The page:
At just 22, Caroline Reehl is throwing her life away.
The sun is just beginning to peek through the clouds as Reehl makes her way into her kitchen. She opens up the window that overlooks a thick wooded area of Mountain Brook in Birmingham, Ala. A single light hangs over the area where a normal person’s dinner table would be situated.
But Reehl’s lifestyle if far from normal.
She turns on some JJ Grey and Mofro and assumes the position she will be situated in for the next couple of hours. As the cool breeze comes through the window it creates a mixture with the tunes. This one bedroom apartment begins to become the atmosphere Reehl loves.
Her trained hands take the wheel and she begins her day. The life of a potter isn’t your typical Susie Homemaker sort of gig. And perhaps this might be what appealed to Reehl so much in the first place.
” I never have fit into one certain crowd. I was always trying to find my place as an athlete or an artist and even a sorority girl,” Reehl laughed. ” But when I found pottery I fell in love with it because I found myself lost in the art itself.”
When Reehl graduated from the University of Mississippi last December, the inspiration she used for her thesis project has become her signature mark in a world full of clay. Her inspiration is Southern women.
During the time when Reehl was busy with graduation and formulating her senior thesis show, she came back home to Fairhope in order to participate in the Nutcracker Charity Ball in Mobile. This was the time when Reehl was searching for a connection between herself as a potter and also a debutant.
” I had to embrace myself as a girl who loves wearing high heels and pearls as well as someone who is constantly getting dirty all the time,” Reehl said. “I think that’s what being a Southern woman is all about.”
Reehl knew that she wanted to portray these women through her work in a not-so-in-your-face kind of a way, but in a more subtle way. Her time at home triggered the creative forces in her head and she knew exactly what could give the untamed, vivid and luxuriant look she was searching for to define Southern women — flowers.
All of Reehl’s pieces feature roses or lilies, and sometimes even a mixture of both. Each petal is made individually by hand and then put together to make one single flower. And though this process may seem tedious and time consuming, Reehl assured us that this is the only way to fully do justice to each flower and what they represent.
” The flowers show internal strength and external beauty,” Reehl said proudly. ” Every petal is unique and has its own quality, whether it’s sharp, strong, fragile, beautiful or sensitive. Each individual piece has its own personality, no two of them are anything alike. That’s on of my favorite aspects of this body of work.”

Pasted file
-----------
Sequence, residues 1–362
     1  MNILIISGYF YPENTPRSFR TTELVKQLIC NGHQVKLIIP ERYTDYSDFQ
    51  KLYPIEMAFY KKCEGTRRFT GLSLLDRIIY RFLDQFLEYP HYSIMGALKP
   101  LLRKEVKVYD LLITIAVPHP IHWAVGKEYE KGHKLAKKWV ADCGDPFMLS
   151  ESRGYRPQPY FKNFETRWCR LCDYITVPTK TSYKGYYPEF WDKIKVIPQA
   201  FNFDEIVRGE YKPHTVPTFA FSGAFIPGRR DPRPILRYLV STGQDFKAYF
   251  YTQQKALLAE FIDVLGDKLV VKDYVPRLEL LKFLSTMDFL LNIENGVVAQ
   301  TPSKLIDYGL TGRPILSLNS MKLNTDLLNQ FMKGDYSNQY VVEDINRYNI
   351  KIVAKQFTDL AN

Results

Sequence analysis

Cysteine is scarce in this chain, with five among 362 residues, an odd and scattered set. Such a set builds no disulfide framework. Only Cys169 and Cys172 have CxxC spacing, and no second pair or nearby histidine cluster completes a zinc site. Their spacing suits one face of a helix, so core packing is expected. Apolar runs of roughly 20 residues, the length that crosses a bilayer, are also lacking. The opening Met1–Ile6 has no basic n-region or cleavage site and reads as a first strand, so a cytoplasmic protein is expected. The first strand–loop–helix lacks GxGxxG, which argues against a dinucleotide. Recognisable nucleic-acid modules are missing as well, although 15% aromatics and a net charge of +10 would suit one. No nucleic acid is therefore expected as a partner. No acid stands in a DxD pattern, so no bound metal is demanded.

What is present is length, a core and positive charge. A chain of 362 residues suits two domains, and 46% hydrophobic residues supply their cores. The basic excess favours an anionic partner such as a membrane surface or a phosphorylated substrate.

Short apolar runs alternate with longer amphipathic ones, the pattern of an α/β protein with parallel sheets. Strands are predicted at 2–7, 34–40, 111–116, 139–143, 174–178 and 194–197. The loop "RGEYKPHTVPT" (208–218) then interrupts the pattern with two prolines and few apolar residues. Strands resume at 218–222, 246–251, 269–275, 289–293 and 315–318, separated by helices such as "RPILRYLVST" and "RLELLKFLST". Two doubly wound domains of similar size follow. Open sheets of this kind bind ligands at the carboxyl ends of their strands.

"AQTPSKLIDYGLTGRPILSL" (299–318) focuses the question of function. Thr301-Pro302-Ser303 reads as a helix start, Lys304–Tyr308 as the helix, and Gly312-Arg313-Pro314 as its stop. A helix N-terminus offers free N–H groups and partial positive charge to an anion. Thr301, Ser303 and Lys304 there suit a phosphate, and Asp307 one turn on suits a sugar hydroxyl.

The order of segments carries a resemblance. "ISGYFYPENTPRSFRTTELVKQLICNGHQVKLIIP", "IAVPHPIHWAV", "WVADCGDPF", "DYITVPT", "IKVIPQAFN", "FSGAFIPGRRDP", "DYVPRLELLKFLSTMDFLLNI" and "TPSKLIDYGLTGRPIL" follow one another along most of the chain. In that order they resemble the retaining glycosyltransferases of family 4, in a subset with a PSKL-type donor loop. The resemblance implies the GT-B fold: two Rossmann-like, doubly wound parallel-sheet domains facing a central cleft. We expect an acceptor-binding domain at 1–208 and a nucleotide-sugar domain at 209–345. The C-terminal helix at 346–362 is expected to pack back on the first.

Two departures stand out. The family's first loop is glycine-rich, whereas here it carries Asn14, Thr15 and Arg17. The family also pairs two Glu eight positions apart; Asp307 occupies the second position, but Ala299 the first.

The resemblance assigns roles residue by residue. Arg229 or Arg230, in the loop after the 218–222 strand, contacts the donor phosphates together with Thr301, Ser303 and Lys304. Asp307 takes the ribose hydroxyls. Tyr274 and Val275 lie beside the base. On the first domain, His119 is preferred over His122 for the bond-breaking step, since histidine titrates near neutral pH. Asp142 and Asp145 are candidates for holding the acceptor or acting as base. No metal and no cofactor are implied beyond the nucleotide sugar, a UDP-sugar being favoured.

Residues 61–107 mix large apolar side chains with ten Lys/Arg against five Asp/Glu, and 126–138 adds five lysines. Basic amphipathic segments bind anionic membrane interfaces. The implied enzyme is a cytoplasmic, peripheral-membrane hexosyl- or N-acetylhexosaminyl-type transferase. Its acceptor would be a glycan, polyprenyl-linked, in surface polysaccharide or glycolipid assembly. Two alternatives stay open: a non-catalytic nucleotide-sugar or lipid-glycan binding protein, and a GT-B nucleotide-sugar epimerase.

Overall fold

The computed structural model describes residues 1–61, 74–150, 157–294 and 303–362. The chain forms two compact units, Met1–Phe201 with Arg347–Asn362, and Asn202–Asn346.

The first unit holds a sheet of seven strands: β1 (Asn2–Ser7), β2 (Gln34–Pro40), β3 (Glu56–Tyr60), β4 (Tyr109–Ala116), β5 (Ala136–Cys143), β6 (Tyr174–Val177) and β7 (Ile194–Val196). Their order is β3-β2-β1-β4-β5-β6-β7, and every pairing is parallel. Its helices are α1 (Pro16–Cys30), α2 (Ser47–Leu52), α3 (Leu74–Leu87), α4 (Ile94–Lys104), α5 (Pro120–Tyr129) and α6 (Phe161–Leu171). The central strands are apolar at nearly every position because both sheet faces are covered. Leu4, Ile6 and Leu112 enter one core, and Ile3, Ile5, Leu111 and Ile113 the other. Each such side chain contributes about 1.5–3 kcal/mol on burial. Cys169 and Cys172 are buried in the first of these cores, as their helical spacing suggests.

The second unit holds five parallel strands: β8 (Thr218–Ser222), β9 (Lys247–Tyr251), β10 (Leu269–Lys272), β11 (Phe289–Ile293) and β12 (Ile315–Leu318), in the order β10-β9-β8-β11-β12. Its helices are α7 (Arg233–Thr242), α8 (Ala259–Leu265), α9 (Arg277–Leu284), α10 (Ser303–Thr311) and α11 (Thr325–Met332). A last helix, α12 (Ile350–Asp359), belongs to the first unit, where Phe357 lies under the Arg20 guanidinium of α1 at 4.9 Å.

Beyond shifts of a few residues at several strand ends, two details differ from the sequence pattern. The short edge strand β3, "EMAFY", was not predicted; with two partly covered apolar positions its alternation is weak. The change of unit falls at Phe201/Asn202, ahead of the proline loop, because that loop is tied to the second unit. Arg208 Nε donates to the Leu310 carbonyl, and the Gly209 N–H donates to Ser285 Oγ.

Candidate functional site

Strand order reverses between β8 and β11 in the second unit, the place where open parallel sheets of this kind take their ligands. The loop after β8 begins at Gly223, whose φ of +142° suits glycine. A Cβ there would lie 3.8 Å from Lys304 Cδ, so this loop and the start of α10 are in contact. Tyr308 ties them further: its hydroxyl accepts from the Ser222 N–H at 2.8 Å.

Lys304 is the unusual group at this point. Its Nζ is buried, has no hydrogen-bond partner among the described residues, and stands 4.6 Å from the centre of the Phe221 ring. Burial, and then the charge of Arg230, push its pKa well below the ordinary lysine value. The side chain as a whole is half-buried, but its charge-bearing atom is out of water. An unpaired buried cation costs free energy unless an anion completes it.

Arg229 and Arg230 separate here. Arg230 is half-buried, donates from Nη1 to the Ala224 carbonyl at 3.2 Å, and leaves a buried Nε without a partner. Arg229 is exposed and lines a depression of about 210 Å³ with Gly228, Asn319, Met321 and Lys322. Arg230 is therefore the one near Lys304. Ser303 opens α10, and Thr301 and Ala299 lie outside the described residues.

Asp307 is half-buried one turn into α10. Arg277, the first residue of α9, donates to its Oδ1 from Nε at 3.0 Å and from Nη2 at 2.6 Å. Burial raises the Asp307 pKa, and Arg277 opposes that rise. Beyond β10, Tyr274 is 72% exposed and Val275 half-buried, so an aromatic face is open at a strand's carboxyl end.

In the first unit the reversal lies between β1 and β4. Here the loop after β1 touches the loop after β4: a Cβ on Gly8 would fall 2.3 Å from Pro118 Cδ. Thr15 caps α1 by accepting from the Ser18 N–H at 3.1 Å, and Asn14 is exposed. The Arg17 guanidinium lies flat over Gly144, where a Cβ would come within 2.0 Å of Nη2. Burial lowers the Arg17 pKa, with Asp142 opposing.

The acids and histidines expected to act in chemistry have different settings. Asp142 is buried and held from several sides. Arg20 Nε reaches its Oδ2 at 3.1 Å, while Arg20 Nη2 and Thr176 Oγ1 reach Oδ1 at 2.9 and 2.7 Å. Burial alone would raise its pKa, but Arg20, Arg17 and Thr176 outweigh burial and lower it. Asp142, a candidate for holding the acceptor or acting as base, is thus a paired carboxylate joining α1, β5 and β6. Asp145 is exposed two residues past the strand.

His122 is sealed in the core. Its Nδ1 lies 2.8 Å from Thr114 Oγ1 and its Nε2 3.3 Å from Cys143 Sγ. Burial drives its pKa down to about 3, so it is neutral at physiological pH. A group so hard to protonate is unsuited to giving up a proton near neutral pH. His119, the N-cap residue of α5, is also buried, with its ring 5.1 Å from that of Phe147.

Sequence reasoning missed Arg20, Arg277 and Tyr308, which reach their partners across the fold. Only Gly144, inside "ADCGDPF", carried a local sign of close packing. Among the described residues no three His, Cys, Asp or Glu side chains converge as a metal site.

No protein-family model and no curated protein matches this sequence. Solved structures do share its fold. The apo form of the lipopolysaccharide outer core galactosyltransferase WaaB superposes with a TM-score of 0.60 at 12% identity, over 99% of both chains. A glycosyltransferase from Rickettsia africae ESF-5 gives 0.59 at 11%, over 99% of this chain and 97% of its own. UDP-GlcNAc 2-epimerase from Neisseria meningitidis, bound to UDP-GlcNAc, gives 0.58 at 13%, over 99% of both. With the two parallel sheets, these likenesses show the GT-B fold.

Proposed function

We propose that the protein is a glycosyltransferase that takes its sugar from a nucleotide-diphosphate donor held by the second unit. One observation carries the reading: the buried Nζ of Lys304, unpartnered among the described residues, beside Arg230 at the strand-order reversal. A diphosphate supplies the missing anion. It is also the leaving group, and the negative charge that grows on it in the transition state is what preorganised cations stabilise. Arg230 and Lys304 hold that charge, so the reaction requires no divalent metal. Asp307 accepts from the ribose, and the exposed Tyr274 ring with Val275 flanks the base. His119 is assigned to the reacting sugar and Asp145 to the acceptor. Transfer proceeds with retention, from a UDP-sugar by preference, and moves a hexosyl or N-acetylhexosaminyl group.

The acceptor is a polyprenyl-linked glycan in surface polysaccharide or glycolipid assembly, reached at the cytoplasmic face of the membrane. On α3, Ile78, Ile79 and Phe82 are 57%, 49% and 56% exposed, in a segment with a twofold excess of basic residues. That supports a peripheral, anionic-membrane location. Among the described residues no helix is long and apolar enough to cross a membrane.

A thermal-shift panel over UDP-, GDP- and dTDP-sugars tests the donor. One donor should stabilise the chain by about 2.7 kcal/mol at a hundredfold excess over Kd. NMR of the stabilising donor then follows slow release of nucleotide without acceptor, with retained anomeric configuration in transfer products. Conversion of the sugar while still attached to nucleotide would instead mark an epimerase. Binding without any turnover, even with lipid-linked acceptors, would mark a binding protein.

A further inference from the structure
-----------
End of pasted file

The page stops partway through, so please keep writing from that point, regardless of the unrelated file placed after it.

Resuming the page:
Currently Reehl lives in Birmingham. She made the move so she could commute to the University of Alabama’s School of Interior Design where she was enrolled last spring. But, as intriguing as interior design may be to this Southern Belle, she knew her heart was in the clay.
“When I started making pottery I figured it was just going to be a hobby, you know?,” Reehl said with a humbled smile on her face. “But as of right now, it has taken over my life and with the way things are going it’s looking like it could possibly be my career.”
She has been potting away non-stop since December . She is currently working on a custom order for a customer in Oklahoma. And ever since she became available through the Web, orders have become a steady part of Reehl’s business.
“I launched my Website in January and started to get calls from people all over the southeast purchasing and placing orders for custom pieces,” Reehl said.
But her pieces aren’t only available via the Internet. They can be found other places. Just last week an art gallery in Atlanta, Ga., which features 55 artist, approached Reehl, extending an invitation to showcase her work in their gallery.
“I think having work in Atlanta would be an amazing opportunity,” Reehl said. “The fact that they even approached me is humbling in itself.”
Dealing with custom orders, trying to decide what kind of galleries fit her type of style are just two of the things Reehl has to worry about. However, there are more stressful things which a potter faces.
One of the most difficult things Reehl expressed about being a potter is the uncertainty of how pieces will turn out after they have been fired, especially with the firing-process she uses on her pieces, which are wood and soda. Both techniques are completely atmospheric.
“I’m pretty much at the mercy of the kiln,” Reehl chuckled. “Sometimes things come out looking fantastic, and other times not so much. If a piece looks terrible than there isn’t much I can do with it. I’m not going to sell someone a hideous piece.”
The day-to-stay stress Reehl faces hasn’t phased her love for pottery, though.
“When I sit down at the wheel and begin working on a piece, I lose myself in it.”
“Working with the clay gives me the ability to have control over something. So, I slow it down and in that moment I’m slowing my life down also,” Reehl said. “Everything is right when I’m working with the clay. We are both at each others mercy.”
The original title of this story, as published in Lagniappe: Reehl is ‘throwing her life’ away. It originally appeared in the June 1, 2010, print edition.